Divorce And The Hearsay Rule

By Richard A. Marcus, Esq.


That’s hearsay! Non-lawyers love throwing around the word “hearsay.” But do they really know what it means? Hearsay is an out of court statement offered to prove the truth of the matter being asserted. Try explaining that to your nine year old. I hope you have better luck than I did. With that kind of definition, it is easy to understand why most non-lawyers are clueless. So let me try to explain it a little better. If someone comes into court to say something and they are offering that testimony to prove what they are saying is true, that statement is hearsay.

For example, “He told me he was going to beat me up.” If you are saying this in order to prove that this is what he said, it is a hearsay statement. If the statement is being offered for another purpose, such as to show that you were afraid of him when he made the statement, or that he was angry at you at the time he made the statement, the statement is not hearsay, because it is not being offered for its truth. In other words, it doesn’t really matter whether what he said was true. The statement is being offered to show either his anger or your fear at the time the statement was made.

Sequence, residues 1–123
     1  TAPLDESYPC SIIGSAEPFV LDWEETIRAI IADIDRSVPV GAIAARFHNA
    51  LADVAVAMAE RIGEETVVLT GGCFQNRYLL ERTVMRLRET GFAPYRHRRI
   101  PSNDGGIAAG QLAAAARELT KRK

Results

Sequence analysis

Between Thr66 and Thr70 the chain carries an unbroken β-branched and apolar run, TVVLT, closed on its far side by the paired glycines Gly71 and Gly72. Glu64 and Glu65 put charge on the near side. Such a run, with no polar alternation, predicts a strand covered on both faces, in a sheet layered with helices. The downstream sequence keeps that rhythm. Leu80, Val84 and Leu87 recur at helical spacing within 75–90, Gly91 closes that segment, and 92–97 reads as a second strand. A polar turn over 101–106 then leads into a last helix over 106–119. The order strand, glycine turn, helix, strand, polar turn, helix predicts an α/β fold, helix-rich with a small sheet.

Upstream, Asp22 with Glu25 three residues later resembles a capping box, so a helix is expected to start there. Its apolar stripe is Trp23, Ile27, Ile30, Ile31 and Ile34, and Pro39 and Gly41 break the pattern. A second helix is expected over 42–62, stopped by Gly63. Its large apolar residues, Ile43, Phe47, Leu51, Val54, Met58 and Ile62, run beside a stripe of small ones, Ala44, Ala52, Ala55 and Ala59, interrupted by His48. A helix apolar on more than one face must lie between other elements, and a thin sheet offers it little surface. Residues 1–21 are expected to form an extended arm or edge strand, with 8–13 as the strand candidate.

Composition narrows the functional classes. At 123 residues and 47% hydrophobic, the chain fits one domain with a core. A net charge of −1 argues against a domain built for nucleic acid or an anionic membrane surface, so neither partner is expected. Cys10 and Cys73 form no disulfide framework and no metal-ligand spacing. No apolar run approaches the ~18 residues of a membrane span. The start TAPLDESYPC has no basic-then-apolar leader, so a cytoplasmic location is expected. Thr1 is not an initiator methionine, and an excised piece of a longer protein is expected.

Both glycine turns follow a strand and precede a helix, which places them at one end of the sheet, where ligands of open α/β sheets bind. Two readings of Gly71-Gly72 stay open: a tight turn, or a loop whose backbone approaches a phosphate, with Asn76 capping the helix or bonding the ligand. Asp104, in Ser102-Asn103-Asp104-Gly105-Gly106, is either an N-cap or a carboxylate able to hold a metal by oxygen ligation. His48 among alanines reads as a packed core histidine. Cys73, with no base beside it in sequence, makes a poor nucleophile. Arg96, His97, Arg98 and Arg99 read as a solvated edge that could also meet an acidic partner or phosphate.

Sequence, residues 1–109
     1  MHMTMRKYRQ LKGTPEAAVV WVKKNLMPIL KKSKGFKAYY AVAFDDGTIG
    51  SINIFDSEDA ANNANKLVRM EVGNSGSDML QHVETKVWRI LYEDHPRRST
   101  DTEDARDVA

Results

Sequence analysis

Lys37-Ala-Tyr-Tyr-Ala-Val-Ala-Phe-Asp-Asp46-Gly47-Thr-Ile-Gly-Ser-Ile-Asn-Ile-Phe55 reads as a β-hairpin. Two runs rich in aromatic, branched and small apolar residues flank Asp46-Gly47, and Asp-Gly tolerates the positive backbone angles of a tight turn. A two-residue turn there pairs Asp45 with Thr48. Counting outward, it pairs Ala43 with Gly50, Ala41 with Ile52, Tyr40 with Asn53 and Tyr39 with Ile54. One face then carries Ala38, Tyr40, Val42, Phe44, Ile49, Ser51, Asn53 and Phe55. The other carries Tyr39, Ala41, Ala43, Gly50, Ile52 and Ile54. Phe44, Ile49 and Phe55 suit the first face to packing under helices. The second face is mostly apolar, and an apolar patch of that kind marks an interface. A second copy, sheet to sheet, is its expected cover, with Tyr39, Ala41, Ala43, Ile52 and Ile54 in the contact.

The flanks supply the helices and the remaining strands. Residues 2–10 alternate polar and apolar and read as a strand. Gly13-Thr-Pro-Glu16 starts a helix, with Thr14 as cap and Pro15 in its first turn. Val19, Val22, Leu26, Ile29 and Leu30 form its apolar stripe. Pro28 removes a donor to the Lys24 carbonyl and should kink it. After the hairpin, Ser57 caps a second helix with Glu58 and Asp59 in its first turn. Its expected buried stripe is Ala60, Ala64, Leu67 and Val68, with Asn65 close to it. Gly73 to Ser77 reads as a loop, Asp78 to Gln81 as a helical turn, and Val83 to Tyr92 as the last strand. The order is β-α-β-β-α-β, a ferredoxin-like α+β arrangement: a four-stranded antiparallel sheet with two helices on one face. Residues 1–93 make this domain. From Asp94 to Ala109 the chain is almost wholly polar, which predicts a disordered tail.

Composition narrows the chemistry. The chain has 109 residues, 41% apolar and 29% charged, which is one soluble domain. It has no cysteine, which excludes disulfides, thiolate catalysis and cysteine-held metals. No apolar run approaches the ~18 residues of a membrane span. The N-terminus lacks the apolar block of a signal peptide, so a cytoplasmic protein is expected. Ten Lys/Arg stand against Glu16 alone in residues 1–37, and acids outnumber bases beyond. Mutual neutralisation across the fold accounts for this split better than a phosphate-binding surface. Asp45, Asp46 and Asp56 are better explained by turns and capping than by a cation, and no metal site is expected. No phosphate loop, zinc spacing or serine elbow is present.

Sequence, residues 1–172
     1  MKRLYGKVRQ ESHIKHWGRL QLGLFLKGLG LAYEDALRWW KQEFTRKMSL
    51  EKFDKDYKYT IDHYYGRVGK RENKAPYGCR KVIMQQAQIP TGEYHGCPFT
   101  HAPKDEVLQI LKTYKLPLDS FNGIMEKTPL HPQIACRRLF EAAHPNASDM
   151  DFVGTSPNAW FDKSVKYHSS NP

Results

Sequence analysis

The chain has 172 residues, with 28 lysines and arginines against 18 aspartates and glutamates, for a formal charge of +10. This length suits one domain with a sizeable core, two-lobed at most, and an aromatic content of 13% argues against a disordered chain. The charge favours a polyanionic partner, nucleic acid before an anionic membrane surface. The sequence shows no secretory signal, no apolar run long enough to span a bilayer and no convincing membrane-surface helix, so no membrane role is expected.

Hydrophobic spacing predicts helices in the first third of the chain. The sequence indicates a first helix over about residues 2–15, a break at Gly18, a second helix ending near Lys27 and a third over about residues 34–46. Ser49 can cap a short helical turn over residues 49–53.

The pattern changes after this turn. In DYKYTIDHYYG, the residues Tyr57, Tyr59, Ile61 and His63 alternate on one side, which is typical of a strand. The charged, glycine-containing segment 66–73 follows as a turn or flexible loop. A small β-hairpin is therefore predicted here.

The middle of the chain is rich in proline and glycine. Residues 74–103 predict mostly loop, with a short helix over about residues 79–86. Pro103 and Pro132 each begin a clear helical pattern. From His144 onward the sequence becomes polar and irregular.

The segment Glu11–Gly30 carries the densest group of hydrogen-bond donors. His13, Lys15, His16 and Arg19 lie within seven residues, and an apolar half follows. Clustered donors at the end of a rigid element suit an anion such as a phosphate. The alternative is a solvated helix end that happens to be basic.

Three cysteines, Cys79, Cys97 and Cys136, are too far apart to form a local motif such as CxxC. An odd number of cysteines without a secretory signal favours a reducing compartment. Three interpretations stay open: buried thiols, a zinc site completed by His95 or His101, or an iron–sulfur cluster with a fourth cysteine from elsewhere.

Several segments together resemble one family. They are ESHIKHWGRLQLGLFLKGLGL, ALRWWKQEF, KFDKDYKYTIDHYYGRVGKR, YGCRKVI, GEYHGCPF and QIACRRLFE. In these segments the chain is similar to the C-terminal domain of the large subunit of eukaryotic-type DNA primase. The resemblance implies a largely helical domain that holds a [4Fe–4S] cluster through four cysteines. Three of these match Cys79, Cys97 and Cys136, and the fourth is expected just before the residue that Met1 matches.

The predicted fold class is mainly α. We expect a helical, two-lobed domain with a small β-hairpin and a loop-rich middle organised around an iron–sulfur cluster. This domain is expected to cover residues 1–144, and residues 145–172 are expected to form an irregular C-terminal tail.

What about the statement, “I told her, yes, I’ll sell you the car for $5,000.00.” This is not hearsay. It is an act of independent legal significance. The statement is being made to demonstrate the fact that certain things were said or done, which in this case pertains to the formation of a contract.

So what about family law cases? When one spouse is talking about something the other spouse says, in most cases the evidence is admissible as a “party admission”, which is an exception to the hearsay rule. “Respondent told me that if I divorced him, he would seek sole custody of the kids.” That statement would not be hearsay because it is a party admission.

Another thing to keep in mind is that in family law cases, Judges tend to consider the testimony of children even though that testimony is hearsay. So next time one of your friends throws around the word “hearsay,” chances are pretty good that he has no idea what he is talking about.


For all of your family law and business litigation needs, contact The Law Offices of Richard A. Marcus (661) 257-8877.